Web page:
At the same time, Mary Queen of Scots’s claims on the English throne nourished their hopes that she would someday succeed to the English crown and, conceivably, would provide a way for them to influence religious and political developments in the British Isles.

Carroll also stresses that the Guises never relinquished their hopes to recover the kingdoms of Naples and of Sicily, although this created an awkward situation while they were allied with Spain and Philip II.

They had a claim to them, did they?

Yes. The Guises were a branch of the House of Lorraine, and had inherited the dynastic claims to those crowns from the House of Anjou, which had been dethroned centuries earlier by the Spanish royal House of Aragon. In addition, the House of Lorraine in earlier times had been rivals of sorts to the House of Burgundy. Their hope was that they could someday and somehow upend the heirs of the House of Burgundy in the Low Countries. Ironically, the dynastic heir to both the Burgundian and Aragonese dynasties was none other than Philip II of Spain, ruler of southern Italy and of the Low Countries, and on whom the Guises depended to subsidize their efforts in France. They couldn’t accept Spanish help in France if they were challenging Spain in southern Italy or the Low Countries, so they had to put these things on ice. It’s an interesting interplay of conflicting ambitions.

On this last point, let me mention that in another one of his books, Carroll explored how the Guises used the patronage they exercised in their royal governorships of Normandy and Champagne to build networks of ties much lower down the social scale that were of great use to them in the civil wars.

Of course, Henri was doing the same thing on his side, as were the Montmorencys as well in their respective governments.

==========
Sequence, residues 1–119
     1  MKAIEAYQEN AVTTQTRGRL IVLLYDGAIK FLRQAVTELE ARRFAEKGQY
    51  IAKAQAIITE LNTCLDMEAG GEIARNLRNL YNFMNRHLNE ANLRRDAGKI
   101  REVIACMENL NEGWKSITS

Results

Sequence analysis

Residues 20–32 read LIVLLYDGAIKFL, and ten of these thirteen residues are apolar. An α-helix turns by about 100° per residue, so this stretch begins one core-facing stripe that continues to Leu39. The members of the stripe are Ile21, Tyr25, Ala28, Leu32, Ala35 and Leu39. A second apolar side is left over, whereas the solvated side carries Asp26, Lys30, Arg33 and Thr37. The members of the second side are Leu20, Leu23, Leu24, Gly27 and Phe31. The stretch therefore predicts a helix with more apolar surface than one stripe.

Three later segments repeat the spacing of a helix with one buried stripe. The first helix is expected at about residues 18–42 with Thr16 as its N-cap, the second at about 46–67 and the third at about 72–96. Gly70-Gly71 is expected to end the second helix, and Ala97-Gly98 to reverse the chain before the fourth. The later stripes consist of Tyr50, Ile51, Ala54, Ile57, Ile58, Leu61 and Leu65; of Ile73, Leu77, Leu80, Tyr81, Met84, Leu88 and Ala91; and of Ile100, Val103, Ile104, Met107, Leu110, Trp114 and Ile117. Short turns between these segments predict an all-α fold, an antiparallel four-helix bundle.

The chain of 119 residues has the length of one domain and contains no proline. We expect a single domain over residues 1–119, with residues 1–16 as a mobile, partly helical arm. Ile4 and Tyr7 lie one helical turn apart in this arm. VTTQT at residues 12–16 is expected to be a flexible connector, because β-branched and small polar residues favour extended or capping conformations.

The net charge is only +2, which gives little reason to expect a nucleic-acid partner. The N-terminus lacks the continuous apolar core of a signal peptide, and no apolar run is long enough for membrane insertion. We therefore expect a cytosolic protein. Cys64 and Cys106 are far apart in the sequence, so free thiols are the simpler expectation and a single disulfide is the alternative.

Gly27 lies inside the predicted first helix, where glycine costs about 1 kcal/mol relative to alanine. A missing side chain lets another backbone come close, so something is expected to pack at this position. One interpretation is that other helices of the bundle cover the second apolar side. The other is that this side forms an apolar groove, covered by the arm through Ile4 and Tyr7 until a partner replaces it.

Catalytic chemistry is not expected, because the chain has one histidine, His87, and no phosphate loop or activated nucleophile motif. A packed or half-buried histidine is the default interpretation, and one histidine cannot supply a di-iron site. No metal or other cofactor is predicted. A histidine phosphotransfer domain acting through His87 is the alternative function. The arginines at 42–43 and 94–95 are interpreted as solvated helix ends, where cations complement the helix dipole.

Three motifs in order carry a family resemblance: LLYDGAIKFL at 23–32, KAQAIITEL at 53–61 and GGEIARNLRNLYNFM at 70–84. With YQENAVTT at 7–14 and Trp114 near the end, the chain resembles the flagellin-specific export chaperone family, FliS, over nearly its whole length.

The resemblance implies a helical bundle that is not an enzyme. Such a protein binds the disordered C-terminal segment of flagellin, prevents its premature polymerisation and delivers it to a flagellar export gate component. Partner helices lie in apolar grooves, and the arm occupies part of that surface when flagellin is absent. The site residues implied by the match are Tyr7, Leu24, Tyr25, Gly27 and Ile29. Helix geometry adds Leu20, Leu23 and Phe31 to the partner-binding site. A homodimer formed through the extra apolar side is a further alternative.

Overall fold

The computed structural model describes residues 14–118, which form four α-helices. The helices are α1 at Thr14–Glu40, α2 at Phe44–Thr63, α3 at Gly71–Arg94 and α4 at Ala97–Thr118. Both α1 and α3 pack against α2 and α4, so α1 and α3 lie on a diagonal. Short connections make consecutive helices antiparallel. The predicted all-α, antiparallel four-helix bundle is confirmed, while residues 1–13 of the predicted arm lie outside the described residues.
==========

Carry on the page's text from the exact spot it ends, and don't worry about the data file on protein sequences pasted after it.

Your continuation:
Carroll disabuses the reader of all notions that modern nationalism, or modern ideas of patriotism, or Marxist class conflict, are going to offer useful tools for understanding that remote period. The frames of reference of people back then included none of those things.

Why were kings and princes so involved in this religious strife?

Because a key duty of the king was to protect his subjects, and that included protecting them from divine wrath. Ordinary people believed that droughts, plagues, and failed harvests were the result of God punishing you for something—and maybe that something was a wrong belief. So if you were a heretic, you would bring down divine wrath and collective punishment on the community. The king’s job was to make sure that wrong beliefs didn’t take hold. So heresy was not just a sin: heresy was sedition, because it was getting in the way of the work of the crown.

The other side of that (and you’ll find this if you look carefully at Carroll), was that if the prince himself established and embraced false beliefs and tried to impose them on the community, then he was leading his community astray. He was no longer the rightful prince, but a tyrant and not an instrument of God’s will, and was therefore removable. The Calvinists were the ones who first started thinking this way, after the St. Bartholomew’s Day Massacre, but then when Henri became king, the Guises made use of these arguments to rally Catholics to their banners, by turning the argument upside down: ‘You can’t have a Protestant king, it’s heresy. God will punish this country.’

Carroll shows that such ideas did not originate with the Guises, the Montmorencys, or the Bourbons—they simply made good use of them.